For many countries around the world, May 1st (or “May Day”) is one of the biggest holidays of the year. In some countries, it is a time to celebrate spring and warmer, longer days with festival and parades. In other locations, the day historically honors workers’ rights, and is marked with marches and protests.
In the United States, the first day of May is called “Law Day.” This legal holiday was first recognized in 1958 by President Eisenhower. Eisenhower issued a proclamation at the request of Charles Rhyne, president of the American Bar Association (ABA) in 1957, to have a special day honoring the U.S. legal system. In 1961, May 1 was designated as the official date for Law Day by a joint resolution of Congress. Since its enactment, Law Day has been a catalyst for combating racism, segregation, and other domestic issues. It has also honored the role of international law in minimizing conflicts and establishing peace and order worldwide.
Historically, enthusiasm for Law Day has waxed and waned. At its height in 1961, Law Day drew 100,000 celebrations nationwide. Today, citizen participation in the Law Day festivities has declined, but the ABA, legal organizations, and educational institutions continue to honor Law Day. Law Day is not a federal holiday, which means that businesses, schools, stores, and federal offices remain open as scheduled. Traditionally, the U.S. president signs a proclamation on Law Day (posted in the Federal Register) asking federal buildings to display the U.S. flag and asking U.S. citizens to reflect on the role of law and the legal system in shaping our society. The public is invited to celebrate the holiday with ceremonies and events. Popular activities include local bar association events such as luncheons, speeches, and seminars, law-related community outreach activities, and even school lessons on law and its role in society.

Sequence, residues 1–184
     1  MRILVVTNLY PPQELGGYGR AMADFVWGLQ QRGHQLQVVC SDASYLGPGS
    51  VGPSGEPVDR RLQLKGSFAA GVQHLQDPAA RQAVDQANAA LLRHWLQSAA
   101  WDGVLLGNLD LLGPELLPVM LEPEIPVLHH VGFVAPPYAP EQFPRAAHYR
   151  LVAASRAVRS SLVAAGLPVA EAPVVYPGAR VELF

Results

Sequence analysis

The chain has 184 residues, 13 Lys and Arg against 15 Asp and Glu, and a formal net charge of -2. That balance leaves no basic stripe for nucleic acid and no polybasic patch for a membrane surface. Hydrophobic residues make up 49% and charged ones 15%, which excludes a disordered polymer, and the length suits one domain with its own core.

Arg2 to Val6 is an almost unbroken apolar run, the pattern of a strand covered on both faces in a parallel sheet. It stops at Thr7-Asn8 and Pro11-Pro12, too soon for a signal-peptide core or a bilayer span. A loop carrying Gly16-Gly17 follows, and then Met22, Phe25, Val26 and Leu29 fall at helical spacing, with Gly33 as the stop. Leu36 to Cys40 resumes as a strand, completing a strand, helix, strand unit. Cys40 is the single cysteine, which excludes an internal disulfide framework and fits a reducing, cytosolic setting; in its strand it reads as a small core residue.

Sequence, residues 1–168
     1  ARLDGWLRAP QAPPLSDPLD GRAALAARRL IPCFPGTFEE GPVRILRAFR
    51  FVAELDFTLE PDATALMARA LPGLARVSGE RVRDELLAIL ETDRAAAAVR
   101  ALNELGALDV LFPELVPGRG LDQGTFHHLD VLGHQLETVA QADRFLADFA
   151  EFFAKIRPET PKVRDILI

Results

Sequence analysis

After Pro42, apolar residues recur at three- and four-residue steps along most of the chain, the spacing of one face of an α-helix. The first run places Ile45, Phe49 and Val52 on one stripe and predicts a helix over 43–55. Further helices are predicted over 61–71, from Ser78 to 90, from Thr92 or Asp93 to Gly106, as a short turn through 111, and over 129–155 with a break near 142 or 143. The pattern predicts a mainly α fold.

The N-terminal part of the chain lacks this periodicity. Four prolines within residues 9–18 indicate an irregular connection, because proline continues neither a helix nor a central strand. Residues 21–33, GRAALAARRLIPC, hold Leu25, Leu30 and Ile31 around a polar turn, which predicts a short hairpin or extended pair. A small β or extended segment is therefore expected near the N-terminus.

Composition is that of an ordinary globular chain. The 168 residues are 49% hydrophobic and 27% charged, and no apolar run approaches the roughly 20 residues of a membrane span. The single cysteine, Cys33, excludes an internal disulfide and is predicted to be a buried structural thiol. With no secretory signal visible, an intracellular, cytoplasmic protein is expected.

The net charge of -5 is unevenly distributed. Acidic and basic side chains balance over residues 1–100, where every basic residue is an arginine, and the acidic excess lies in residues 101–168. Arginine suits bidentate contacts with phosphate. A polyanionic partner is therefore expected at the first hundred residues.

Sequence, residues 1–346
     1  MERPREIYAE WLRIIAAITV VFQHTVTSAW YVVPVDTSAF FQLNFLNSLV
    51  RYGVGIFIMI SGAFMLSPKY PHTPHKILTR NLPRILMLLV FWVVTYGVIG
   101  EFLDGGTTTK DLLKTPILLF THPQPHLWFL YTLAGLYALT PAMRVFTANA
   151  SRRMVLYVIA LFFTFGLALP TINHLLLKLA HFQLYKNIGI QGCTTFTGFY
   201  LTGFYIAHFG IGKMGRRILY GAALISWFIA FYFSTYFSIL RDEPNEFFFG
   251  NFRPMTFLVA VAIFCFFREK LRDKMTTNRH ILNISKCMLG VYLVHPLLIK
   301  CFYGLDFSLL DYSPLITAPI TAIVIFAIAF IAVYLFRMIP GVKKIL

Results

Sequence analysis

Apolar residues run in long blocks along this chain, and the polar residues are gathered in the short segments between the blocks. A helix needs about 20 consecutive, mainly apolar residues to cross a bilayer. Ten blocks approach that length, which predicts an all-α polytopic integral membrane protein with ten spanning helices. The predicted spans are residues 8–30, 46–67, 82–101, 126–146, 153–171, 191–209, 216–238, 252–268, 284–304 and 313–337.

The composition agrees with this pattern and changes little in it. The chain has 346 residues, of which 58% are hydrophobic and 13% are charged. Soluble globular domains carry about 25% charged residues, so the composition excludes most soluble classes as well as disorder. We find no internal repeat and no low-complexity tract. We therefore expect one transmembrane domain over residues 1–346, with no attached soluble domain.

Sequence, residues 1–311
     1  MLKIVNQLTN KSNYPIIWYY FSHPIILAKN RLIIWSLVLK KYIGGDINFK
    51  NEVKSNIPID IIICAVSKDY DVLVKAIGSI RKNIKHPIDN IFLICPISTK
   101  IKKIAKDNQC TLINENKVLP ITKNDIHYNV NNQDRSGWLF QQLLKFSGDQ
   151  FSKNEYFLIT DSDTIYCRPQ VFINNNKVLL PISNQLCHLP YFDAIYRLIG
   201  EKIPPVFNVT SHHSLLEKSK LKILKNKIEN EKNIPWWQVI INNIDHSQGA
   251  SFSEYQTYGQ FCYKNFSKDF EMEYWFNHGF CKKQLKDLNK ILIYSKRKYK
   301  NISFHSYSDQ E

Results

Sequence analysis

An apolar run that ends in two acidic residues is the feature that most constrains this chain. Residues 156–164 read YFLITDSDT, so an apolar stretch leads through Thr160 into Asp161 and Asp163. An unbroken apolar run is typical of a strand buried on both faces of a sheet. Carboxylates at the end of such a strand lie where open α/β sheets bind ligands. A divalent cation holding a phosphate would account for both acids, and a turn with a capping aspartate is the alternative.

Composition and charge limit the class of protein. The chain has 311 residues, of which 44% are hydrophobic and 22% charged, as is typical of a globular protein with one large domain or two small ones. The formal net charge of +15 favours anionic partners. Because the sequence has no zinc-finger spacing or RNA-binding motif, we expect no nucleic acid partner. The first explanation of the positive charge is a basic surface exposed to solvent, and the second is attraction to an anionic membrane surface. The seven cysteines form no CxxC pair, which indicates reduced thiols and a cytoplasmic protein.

In the past, the ABA has selected themes for Law Day. This year’s theme is “The 14th Amendment: Transforming American Democracy.” The ABA has chosen to recognize the significance of the 14th amendment as a powerful legal mechanism that has shaped and transformed American society through its clauses of Citizenship, Due Process, and Equal Protection, which have advanced the rights of all Americans and granted states power through the Bill of Rights. The ABA concludes that the 14th Amendment is a “cornerstone of civil rights legislation” and a “source of inspiration for those who advocate for equal justice under the law.” For those interested in celebrating, the ABA has a Planning Guide for Law Day that includes a dialogue program with resources for teachers, judges, and lawyers to teach students and local communities about basic American legal principles and civic traditions. The ABA also has a contest for the best 2017 Law Day programs among schools and communities. Check with your local or state bar association for Law Day activities, as many are planning events.
However you celebrate, Lawyer.com would like to thank our hardworking, dedicated legal professionals for their commitment to law and the legal process. We wish everyone a happy and productive Law Day.